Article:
Before we start, I have to explain.
As I look for movies that feature matriarchial societies, it seems like so many of them end up being straight-up male gaze fuelled fantasies. Or so you’d think, because while this movie was made by Anthony Brooks and O.O. Miller, only one of those names belongs to a man.
Brooks may have been Raymond Phelan (the writer, director, editor and one of the main actors of Too Young, Too Immoral), but Miller is really Doris Wishman, who Joe Bob Briggs referred to as “The greatest female exploitation film director in history.” From a series of nudist colony movies to movies with incredible names like Bad Girls Go to Hell, Satan Was a Lady and Let Me Die a Woman, as well as A Night to Dismember and two Eurospy films (Deadly Weapons and Double Agent 73) starring all 73-inches of the woman with the largest bust on record, Chesty Morgan.
The truth is, this movie does introduce us to a female-run society on the moon, which for some reason is the occult-created Coral Castle near Miami, but they’re all topless. Yet like many of the nudist films of the early 60’s, this comes off as quite innocent. And unlike so many of them, this movie isn’t boring.
Dr. Jeff Huntley (Lester Brown in his one and only role) has inherited millions in his uncle’s will and is finally going to the moon with his mentor, Professor Nichols (William Mayer, who shows up as in several of these movies, like Blaze Starr Goes Nudist, which was not much of a life change).
Nichols sees Huntley like a son and worries about how dangerous the moon will be. He’s old, so he’s ready to die. But he wants Huntley to live and find a wife. After all, their secretary Cathy (Marietta) is in love with him and he doesn’t see it or doesn’t care. All he wants to do is go to the moon.
They get there, wearing brightly colored spacesuits with plenty of spaces for the lack of environment on the lunar surface to kill them. But instead, you know, they end up at Coral Castle and meet an entire planet of clothing-free ladies who are led by a Moon Queen (also Marietta) who uses her psychic powers — or maybe Dr. Jeff has never seen breasts before in person — to make our young moon-obsessed friend get obsessed over her mountain peaks.
Perhaps this explains why Jack Parsons blew himself up after falling so hard for Marjorie Cameron. I mean, you become besotten with one literal Whore of Babylon and you lose your security clearance but still get a peak on the dark side of the Moon named after you.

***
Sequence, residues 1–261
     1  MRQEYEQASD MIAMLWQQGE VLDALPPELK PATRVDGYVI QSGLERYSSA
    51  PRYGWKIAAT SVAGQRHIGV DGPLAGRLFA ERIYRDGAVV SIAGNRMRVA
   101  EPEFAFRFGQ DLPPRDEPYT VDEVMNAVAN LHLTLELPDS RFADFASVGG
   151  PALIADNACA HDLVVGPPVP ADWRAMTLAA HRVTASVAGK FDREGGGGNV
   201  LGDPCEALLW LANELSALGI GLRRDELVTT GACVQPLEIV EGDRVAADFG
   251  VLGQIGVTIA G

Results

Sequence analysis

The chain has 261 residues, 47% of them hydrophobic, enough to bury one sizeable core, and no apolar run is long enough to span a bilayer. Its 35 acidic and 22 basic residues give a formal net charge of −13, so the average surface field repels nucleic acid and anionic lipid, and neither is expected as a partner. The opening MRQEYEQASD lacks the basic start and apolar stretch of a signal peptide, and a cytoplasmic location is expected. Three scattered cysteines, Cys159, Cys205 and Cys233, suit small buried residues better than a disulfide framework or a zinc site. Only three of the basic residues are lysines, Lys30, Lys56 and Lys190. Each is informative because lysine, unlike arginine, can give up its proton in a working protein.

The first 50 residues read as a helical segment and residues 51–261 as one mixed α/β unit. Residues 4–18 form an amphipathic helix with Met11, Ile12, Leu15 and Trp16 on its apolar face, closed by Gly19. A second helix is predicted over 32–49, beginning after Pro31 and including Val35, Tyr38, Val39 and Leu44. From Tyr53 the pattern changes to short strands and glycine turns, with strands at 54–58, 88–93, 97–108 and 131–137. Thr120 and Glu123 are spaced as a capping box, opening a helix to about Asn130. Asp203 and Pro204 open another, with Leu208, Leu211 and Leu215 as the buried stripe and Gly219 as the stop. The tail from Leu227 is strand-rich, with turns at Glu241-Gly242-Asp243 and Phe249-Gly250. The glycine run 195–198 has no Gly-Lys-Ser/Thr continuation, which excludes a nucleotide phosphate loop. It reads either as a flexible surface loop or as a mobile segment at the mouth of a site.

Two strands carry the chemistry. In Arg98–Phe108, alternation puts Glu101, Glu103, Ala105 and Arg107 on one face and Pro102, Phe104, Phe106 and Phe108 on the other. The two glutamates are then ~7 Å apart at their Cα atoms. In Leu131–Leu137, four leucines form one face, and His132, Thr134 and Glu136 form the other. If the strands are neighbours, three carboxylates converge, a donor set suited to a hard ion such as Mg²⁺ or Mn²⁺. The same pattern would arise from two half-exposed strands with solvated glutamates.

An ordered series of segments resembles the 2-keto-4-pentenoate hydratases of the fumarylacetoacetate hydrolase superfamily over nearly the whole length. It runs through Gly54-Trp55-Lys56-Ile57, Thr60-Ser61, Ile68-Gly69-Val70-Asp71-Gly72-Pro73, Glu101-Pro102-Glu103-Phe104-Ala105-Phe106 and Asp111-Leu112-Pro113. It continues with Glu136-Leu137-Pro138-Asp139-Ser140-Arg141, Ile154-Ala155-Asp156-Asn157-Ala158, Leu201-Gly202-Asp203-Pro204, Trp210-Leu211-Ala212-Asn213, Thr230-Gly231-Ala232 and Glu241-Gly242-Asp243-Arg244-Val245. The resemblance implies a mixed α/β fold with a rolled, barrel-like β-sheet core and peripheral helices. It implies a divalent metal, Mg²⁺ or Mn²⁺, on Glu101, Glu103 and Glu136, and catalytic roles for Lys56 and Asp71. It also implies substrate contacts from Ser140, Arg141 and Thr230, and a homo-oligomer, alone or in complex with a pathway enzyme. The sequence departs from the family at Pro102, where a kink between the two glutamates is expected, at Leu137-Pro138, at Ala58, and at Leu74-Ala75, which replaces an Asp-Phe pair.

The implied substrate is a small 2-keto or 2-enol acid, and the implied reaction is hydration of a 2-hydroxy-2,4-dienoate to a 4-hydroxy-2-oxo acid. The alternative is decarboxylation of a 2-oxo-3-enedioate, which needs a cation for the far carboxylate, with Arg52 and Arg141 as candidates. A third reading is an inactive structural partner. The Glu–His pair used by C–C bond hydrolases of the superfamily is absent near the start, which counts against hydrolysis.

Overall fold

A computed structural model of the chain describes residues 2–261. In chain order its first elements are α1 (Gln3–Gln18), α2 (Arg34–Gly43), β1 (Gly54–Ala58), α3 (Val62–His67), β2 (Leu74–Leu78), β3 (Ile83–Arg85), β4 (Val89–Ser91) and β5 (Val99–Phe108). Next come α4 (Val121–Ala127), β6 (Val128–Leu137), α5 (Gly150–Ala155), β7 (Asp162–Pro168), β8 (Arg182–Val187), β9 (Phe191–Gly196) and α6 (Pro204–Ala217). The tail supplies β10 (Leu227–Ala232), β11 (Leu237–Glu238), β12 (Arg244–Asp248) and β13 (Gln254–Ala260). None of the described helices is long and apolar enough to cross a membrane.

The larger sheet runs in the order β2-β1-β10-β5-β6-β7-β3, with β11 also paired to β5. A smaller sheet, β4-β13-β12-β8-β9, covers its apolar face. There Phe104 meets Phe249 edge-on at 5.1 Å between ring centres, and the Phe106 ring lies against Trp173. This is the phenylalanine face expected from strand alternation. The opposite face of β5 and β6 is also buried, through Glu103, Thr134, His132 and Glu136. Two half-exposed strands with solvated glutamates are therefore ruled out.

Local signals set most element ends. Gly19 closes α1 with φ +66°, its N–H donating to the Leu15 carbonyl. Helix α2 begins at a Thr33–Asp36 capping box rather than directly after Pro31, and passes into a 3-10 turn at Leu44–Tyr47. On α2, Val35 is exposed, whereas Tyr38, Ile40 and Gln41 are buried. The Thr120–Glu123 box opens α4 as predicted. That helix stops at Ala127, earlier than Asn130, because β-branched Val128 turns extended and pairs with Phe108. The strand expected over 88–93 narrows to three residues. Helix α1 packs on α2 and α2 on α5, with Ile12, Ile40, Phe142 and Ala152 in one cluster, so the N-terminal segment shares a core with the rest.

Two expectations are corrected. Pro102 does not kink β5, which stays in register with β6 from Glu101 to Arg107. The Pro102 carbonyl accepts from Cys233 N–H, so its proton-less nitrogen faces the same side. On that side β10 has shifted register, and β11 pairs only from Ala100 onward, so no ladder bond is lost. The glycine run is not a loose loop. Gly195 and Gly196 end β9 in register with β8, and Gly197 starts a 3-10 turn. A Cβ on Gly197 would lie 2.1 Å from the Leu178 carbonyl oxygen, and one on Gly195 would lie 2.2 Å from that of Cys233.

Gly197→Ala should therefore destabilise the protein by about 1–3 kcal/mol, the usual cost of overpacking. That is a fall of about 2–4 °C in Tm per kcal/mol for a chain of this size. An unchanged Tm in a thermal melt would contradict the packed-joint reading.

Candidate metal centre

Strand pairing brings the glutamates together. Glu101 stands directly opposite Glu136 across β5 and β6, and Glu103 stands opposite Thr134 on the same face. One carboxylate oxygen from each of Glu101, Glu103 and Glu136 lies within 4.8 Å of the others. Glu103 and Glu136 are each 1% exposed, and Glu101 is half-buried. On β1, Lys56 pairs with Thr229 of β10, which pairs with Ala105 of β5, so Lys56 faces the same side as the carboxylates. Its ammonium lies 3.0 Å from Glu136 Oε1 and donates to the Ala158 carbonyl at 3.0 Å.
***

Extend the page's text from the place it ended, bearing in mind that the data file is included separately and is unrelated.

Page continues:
But I digress.
For two guys who planned a trip to the moon for years, they didn’t bring enough oxygen and also leave their camera behind, so no one will believe them that the lunar surface looks more like the aforementioned Blaze Starr’s 2 O’Clock Club.
It all works out, because that’s when the hood doctor discovers that his secretary — who he’s been ignoring forever, who sits and types the same letter all night long hoping that he will notice her — looks just like the Moon Queen. They embrace, the camera dollys back to give them some privacy and then the Professor walks in on them and just looks on approvingly. He just stands there and watches and smiles to the camera.
Keep an eye out for Shelby Livingston, who just three short years later would be chopped to pieces –just a few towns away in Kissimmee, Florida — in Two Thousand Maniacs! Lacey Kelly, who was in Bunny Yeager’s Nude Camera and Common Law Wife, is also on the Moon.
There’s also a moment where the two space-loving men discuss Dr. Jeff going to a movie, as they drive past the Variety Theater, which is showing Wishman’s Hideout in the Sun. Did Dr. Jeff recognize Pat Reilly when he also saw her up there in space?
This movie also has its own theme song, which is pretty cool when you think about it. “I’m Mooning Over You (My Little Moon Doll),” which was warbled by Ralph Young over orchestration that had been arranged by — but not credited to — Doc Severinsen.
While not the most feminist leaning film ever, we can still point to the fact that the Moon Queen does rule her planet and you know, if you can breathe the lack of air on the lunar surface — to be fair, at the end the scientists have no idea where they’ve really come back from — you can forget puritanical mumbo jumbo and just walk around unencumbered.
After all, it worked for Blaze Starr, who was smart enough to get 4% of the profits for the 1984 movies about her life, Blaze.